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GALWAY WEST: 7th Count – Fahey eliminated

Bernie Ni Fhlatharta

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Date Published: 27-Feb-2011

By Dara Bradley

It’s nip and tuck between the two Fine Gael candidates who are fighting for the last seat – the transfers of Hildergarde Naughton pushed Senator Fidelma Healy Eames ahead of County Councillor Seán Kyne but just by 54 votes.

Kyne had overtaken Healy Eames after getting a massive 1,000 of Tom Welby’s transfers but party colleague Naughton transferred 327 more votes to Healy Eames over Kyne.

Outgoing Fianna Fáil TD Frank Fahey has been eliminated and his transfers could see outgoing Minister Éamon Ó Cuív over the line to become the first elected in Galway West.

Number of seats: 5

Electorate: 88, 840

Total Poll: 61, 268

Valid Poll: 60,728

Quota: 10,122

First Count:

Nolan (Lab) 7,502

Cuív (FF) 7,467

Grealish (Ind) 6,231

Walsh B (FG) 5,430

Healy Eames (FG) 5,053

Connolly (Ind) 4,787

Kyne (FG) 4,579

O Clochartaigh (SF) 3,807

Naughton (FG) 3,607

Fahey (FF) 3,449

Welby (Ind) 3,299

Crowe (FF) 1,810

Walsh E (Ind) 1,482

Brolchain (GP) 1,121

Cubbard (Ind) 853

Holmes (Ind) 186

King (Ind) 65

King, Holmes, Cubbard eliminated.

Second Count:

Distribution of King, Holmes and Cubbard transfers

Nolan (Lab) (+183) 7,685

Cuív (FF) (+45) 7,512

Grealish (Ind) (+117) 6,348

Walsh B (FG) (+48) 5,478

Healy Eames (FG) (+35) 5,088

Connolly (Ind) (+208) 4,995

Kyne (FG) (+31) 4,610

O Clochartaigh (SF) (+119) 3,926

Naughton (FG) (+49) 3,656

Fahey (FF) (+26) 3,475

Welby (Ind) (+27) 3,326

Crowe (FF) (+31) 1,851

Walsh E (Ind) (+100) 1,582

Ó Brolcháin (GP) (+33) 1,154

Ó Brolcháin eliminated. Distributing his 1,154 votes.

Third Count: Distribution of Ó Brolcháin’s transfers:

Nolan (Lab) (+335) 8,020

Cuív (FF) (+61) 7,573

Grealish (Ind) (+50) 6,398

Walsh B (FG) (+41) 5,519

Connolly (Ind) (+242) 5,237

Healy Eames (FG) (+94) 5,182

Kyne (FG) (+49) 4,659

O Clochartaigh (SF) (+72) 3,998

Naughton (FG) (+90) 3,746

Fahey (FF) (+15) 3,490

Welby (Ind) (+20) 3,346

Crowe (FF) (+14) 1,865

Walsh E (Ind) (+43) 1,625

Non-transferable: 70

Walsh E eliminated. Distribution of his 1,625

Distribution of Walsh E (Ind) 1,625 transfers

Nolan (Lab) (+260) 8,280

Cuív (FF) (+102) 7,675

Grealish (Ind) (+193) 6,591

Walsh B (FG) (+129) 5,648

Connolly (Ind) (+285) 5,522

Healy Eames (FG) (+117) 5,299

Kyne (FG) (+74) 4,733

O Clochartaigh (SF) (+97) 4,095

Naughton (FG) (+113) 3,859

Fahey (FF) (+37) 3,527

Welby (Ind) (+139) 3,485

Crowe (FF) (+25) 1,890

Non-Transferable: 54

Crowe eliminated. Distribution of his 1,890 votes.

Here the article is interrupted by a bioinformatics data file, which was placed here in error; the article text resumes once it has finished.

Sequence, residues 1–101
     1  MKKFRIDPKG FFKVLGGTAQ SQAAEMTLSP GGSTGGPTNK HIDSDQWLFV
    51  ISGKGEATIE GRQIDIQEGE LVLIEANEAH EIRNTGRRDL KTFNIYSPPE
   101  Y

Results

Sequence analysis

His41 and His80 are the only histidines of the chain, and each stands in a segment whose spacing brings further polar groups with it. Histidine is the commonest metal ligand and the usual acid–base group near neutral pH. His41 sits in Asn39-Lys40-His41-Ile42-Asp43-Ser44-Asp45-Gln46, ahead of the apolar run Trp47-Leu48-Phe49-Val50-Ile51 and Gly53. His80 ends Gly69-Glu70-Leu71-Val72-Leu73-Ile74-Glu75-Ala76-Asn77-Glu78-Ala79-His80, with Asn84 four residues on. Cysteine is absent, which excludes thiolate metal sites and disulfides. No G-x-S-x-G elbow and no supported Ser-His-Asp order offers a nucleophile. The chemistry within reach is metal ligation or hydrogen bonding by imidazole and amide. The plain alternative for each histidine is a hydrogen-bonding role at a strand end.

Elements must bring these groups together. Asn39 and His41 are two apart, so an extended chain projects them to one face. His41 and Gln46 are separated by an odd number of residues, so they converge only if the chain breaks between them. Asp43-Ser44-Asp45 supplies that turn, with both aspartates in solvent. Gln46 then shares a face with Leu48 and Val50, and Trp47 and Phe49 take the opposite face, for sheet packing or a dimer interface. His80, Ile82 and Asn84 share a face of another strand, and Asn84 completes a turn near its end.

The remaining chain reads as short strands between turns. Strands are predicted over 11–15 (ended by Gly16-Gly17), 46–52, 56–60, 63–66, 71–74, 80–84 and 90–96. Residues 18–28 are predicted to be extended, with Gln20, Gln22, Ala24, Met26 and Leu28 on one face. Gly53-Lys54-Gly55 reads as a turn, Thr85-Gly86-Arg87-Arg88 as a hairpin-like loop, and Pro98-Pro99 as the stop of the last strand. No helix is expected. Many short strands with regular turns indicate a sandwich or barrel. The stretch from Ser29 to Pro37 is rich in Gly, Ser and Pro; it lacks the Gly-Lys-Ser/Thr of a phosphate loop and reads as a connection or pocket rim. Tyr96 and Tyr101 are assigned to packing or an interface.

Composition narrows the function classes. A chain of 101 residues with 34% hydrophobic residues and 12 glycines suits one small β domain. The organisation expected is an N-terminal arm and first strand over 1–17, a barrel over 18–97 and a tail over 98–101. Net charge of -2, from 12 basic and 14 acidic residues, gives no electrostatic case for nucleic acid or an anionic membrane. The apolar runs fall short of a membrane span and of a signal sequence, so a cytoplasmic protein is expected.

Fifth Count: Distribution of Crowe’s 1,890 transfers:

Nolan (Lab) (+199) 8, 479

Cuív (FF) (+544) 8,219

Grealish (Ind) (+221) 6,812

Walsh B (FG) (+223) 5,871

Connolly (Ind) (+104) 5,626

Healy Eames (FG) (+57) 5,356

Kyne (FG) (+25) 4,758

O Clochartaigh (SF) (+45) 4,140

Naughton (FG) (+50) 3,909

Fahey (FF) (+305) 3,832

Welby (Ind) (+20) 3,505

Non-Transferable: 97

Welby eliminated. Sixth count will resume at 9am Sunday to distribute 3,505 transfers of Welby

Sixth Count:

Cuív (FF) (+729) 8,948

Nolan (Lab) (+243) 8, 722

Grealish (Ind) (+304) 7,116

Walsh B (FG) (+94) 5,965

Connolly (Ind) (+283) 5,909

Kyne (FG) (+1,012) 5,770

Healy Eames (FG) (+141) 5,497

O Clochartaigh (SF) (+266) 4,406

Fahey (FF) (+184) 4,016

Naughton (FG) (+85) 3,994

Non-Transferable: 164

Naughton eliminated. Distribution of Naughton’s 3,994.

Seventh Count: Naughton’s transfers

Nolan (Lab) (+416) 9,138

Cuív (FF) (+108) 9,056

Grealish (Ind) (+208) 7,324

Walsh B (FG) (+1,045) 7,010

Healy Eames (FG) (+1,057) 6,554

Kyne (FG) (+730) 6,500

Connolly (Ind) (+260) 6,169

O Clochartaigh (SF) (+40) 4,446

Fahey (FF) (+45) 4,061

Fahey Eliminated.

Galway in Days Gone By

The way we were – Protecting archives of our past

Judy Murphy

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A photo of Galway city centre from the county council's archives

People’s living conditions less than 100 years ago were frightening. We have come a long way. We talk about water charges today, but back then the local District Councils were erecting pumps for local communities and the lovely town of Mountbellew, according to Council minutes, had open sewers,” says Galway County Council archivist Patria McWalter.

Patria believes we “need to take pride in our history, and we should take the same pride in our historical records as we do in our built heritage”. When you see the wealth of material in her care, this belief makes sense.

She is in charge of caring for the rich collection of administrative records owned by Galway County Council and says “these records are as much part of our history as the Rock of Cashel is. They document our lives and our ancestors’ lives. And nobody can plan for the future unless you learn from the past, what worked and what didn’t”.

Archivists and librarians are often unfairly regarded as being dry, academic types, but that’s certainly not true of Patria. Her enthusiasm is infectious as she turns the pages of several minute books from Galway’s Rural District Councils, all of them at least 100 years old.